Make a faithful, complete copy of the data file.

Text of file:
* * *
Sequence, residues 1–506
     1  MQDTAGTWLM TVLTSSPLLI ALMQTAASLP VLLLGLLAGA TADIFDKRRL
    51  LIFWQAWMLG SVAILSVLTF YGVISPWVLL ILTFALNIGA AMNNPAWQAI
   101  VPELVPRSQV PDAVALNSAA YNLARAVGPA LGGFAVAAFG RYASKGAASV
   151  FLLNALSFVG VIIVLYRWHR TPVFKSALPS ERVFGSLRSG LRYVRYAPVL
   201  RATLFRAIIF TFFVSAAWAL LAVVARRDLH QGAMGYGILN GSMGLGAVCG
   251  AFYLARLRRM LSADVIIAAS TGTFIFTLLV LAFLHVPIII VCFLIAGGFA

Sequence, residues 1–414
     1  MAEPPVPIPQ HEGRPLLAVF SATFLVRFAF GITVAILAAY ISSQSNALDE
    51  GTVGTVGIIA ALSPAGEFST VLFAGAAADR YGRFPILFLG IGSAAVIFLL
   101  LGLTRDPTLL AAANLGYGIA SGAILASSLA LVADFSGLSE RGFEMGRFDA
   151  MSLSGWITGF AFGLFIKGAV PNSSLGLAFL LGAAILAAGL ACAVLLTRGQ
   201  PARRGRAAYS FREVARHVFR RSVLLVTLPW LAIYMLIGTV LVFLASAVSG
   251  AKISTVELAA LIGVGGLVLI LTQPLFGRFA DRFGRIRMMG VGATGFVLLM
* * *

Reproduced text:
Sequence, residues 1–506
     1  MQDTAGTWLM TVLTSSPLLI ALMQTAASLP VLLLGLLAGA TADIFDKRRL
    51  LIFWQAWMLG SVAILSVLTF YGVISPWVLL ILTFALNIGA AMNNPAWQAI
   101  VPELVPRSQV PDAVALNSAA YNLARAVGPA LGGFAVAAFG RYASKGAASV
   151  FLLNALSFVG VIIVLYRWHR TPVFKSALPS ERVFGSLRSG LRYVRYAPVL
   201  RATLFRAIIF TFFVSAAWAL LAVVARRDLH QGAMGYGILN GSMGLGAVCG
   251  AFYLARLRRM LSADVIIAAS TGTFIFTLLV LAFLHVPIII VCFLIAGGFA

Sequence, residues 1–414
     1  MAEPPVPIPQ HEGRPLLAVF SATFLVRFAF GITVAILAAY ISSQSNALDE
    51  GTVGTVGIIA ALSPAGEFST VLFAGAAADR YGRFPILFLG IGSAAVIFLL
   101  LGLTRDPTLL AAANLGYGIA SGAILASSLA LVADFSGLSE RGFEMGRFDA
   151  MSLSGWITGF AFGLFIKGAV PNSSLGLAFL LGAAILAAGL ACAVLLTRGQ
   201  PARRGRAAYS FREVARHVFR RSVLLVTLPW LAIYMLIGTV LVFLASAVSG
   251  AKISTVELAA LIGVGGLVLI LTQPLFGRFA DRFGRIRMMG VGATGFVLLM